The Obama Record on Immigration

The second inauguration of President Obama today is an event that will be long remembered.  But if our President really desires a meaningful historical legacy in the area of human rights, he will provide capable leadership on realistic immigration reform.

To date Obama’s record, in spite of his rhetorical claims, is abysmal.  Remember before the events of 9/11 that President Bush was about to push through Congress new legislation that, among other things, would have provided for a labor management program for Mexican workers in the United States as well as other concrete reforms to the Immigration and Reform Act of 1986.

After 9/11 President Bush and both political parties made a deal to leave immigration reform untouched even though by 2006 the problems that states faced, especially border states, had grown severe.  During the summer of 2006 our political leadership turned immigration reform into an “international security” problem: until such time as our southern border with Mexico was magically declared “operationally secure”, any kind of immigration reform at the federal level was off the table.

That left states like Arizona between a rock and a hard place.  Let to their own, the Republican dominated Arizona legislature began churning out laws that were designed to make the lives of illegal immigrants living in Arizona as painful as possible.  At the same time Sheriff Arpaio was given free rein on the streets of Phoenix.  The Arizona immigration laws began to spread to other border and non-border states until finally the Supreme Court was forced to rule on their constitutionality; in general their decision was a reminder to the states that immigration law was responsibility of the federal government.

Of course all these missteps could have been avoided if during his first term President Obama had begun a thoughtful and fair process of immigration reform which seriously considered problems faced both by the states, including lack of funding, while simultaneously considering such issues as the needs of the children of illegal immigrants locked out of public educational institutions.

After their losses last November some Republicans are now willing to begin the process of negotiations of immigration laws to appear more open to their Latino constituency.  President Obama must provide the leadership and the political will to bring other Republicans and conservative Democrats to the table by offering concessions where necessary.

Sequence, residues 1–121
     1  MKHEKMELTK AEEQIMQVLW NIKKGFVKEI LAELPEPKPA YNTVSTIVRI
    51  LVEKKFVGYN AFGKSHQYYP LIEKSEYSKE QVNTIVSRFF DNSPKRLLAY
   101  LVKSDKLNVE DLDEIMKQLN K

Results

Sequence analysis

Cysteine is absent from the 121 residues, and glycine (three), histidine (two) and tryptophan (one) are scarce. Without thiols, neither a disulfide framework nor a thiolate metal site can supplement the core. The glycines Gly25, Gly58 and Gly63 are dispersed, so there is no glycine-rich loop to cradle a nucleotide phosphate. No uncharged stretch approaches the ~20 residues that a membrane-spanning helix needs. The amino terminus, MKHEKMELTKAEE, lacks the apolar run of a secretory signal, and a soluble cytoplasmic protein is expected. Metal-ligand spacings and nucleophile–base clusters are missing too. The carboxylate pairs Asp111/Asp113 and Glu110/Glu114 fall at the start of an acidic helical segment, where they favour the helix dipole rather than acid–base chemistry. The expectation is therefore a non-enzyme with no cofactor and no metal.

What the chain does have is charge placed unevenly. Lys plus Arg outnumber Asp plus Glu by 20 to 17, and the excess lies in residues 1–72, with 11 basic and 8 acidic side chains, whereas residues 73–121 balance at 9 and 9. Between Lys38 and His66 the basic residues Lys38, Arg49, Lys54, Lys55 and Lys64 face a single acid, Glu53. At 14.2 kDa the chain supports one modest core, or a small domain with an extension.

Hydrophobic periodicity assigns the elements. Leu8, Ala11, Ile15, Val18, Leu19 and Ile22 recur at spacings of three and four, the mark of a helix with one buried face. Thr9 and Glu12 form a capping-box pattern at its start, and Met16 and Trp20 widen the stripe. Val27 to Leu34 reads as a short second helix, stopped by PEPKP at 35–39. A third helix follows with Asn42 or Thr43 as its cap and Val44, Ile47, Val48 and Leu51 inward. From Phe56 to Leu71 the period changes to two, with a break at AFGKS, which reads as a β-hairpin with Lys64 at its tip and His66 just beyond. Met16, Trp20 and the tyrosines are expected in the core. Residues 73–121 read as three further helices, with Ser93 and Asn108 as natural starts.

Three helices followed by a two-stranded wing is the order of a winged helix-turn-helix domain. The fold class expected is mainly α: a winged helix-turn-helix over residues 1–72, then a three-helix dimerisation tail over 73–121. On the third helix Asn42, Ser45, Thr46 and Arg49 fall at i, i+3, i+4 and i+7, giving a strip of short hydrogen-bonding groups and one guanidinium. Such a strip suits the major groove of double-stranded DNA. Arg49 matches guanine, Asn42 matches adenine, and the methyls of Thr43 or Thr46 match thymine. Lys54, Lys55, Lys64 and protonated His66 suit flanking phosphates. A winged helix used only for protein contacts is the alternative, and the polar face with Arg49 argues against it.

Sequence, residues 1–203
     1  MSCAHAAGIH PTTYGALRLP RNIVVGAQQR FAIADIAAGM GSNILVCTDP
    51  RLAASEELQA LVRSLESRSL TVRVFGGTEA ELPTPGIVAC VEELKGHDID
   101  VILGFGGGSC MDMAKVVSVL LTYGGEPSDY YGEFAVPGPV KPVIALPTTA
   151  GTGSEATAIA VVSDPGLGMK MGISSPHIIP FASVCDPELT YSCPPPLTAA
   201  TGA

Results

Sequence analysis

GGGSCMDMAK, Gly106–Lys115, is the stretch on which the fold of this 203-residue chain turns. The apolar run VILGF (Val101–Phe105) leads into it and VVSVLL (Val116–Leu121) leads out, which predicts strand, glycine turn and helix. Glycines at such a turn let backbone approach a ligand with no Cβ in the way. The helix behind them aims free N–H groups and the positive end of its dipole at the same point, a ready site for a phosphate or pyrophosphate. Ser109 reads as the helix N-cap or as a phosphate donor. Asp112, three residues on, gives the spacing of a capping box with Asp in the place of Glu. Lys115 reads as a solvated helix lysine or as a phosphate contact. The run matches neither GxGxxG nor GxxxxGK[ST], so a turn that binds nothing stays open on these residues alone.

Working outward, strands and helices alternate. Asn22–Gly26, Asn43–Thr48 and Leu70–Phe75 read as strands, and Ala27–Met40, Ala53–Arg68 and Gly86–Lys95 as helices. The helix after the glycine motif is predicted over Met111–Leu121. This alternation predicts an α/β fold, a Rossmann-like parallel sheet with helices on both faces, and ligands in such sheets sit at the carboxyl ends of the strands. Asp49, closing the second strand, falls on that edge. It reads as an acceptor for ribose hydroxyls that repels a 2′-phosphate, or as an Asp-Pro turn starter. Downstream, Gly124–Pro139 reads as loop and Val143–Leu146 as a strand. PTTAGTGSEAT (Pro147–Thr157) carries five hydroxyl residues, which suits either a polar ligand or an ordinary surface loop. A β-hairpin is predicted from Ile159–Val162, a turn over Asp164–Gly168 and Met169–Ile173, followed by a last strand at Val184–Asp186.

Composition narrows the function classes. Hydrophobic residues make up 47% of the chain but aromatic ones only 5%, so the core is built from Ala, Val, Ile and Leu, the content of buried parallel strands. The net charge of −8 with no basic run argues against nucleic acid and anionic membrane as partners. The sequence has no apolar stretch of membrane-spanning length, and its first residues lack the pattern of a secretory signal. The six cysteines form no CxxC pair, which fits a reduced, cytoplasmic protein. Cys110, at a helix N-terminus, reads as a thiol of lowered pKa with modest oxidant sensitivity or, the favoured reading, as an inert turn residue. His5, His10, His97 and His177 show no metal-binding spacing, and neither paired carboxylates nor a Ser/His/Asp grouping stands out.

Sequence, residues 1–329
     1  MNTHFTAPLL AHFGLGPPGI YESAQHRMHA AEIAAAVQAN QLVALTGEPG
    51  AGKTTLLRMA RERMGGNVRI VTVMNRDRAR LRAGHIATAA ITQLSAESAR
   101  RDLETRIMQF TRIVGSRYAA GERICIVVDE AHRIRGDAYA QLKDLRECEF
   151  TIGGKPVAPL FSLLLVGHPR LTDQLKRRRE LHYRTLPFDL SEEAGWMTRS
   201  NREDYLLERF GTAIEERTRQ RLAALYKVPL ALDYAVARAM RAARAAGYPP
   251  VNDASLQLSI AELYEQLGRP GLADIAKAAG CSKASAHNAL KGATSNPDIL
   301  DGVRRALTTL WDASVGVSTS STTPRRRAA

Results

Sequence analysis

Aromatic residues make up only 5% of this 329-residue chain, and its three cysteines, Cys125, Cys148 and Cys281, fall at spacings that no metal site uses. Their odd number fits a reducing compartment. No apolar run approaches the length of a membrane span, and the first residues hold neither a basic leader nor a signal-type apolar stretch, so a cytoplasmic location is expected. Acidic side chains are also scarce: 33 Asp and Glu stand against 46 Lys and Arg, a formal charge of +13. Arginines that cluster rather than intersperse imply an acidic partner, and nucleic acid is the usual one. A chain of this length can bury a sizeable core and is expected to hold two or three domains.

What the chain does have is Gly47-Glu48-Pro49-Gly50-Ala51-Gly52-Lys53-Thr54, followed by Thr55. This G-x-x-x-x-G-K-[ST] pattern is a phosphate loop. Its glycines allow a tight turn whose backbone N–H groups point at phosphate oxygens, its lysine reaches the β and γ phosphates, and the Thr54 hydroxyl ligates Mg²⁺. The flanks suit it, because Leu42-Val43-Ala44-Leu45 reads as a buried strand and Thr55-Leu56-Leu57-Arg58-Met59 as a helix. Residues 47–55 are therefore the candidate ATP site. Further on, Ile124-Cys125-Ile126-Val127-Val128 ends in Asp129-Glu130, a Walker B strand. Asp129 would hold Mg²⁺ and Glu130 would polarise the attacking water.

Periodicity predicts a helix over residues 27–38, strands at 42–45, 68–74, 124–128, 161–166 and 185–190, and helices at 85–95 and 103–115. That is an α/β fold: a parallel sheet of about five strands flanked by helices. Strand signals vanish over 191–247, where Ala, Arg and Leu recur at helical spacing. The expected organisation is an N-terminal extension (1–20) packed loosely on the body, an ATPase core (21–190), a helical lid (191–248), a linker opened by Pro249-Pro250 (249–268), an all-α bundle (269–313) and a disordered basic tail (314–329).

With the exception of President Obama’s executive order that is a precursor to the Dream Act, immigration reform since 1986 has remained a dream.  It is now time for President Obama to act and in so doing to begin the process of bringing these 11 million immigrants into our society while, at the same time, maintaining and supporting the rights of all American citizens.

On this inauguration day it is legitimate to question whether President Obama can achieve meaningful immigration reform in the next four years.

Posted in Immigration

NNSA and Contractors’ ‘Nuclear Safety Culture’ Spawns Y-12 Breach

It was the security guard who first arrested Sister Rice and her two accomplices who was immediately identified by name and fired after the Y-12 security breach.  This in spite of the fact that the Y-12 nuclear facility is described as, “…an extensive security mechanism that relies on well-trained and extensively equipped protective force, advanced technology, and a variety of physical fortifications”.  Annual security costs at Y-12 are $150 million.

The security breach at Y-12 is more accurately understood not as the fault of a single guard, but as one among a number of facilities under the purview of the National Nuclear Security Administration experiencing repeated security and safety lapses The NNSA, a semi-autonomous agency created by Congress in 2000 to address serious issues that the DOE was unable to resolve, is also responsible for cost and schedule overruns by private contractors.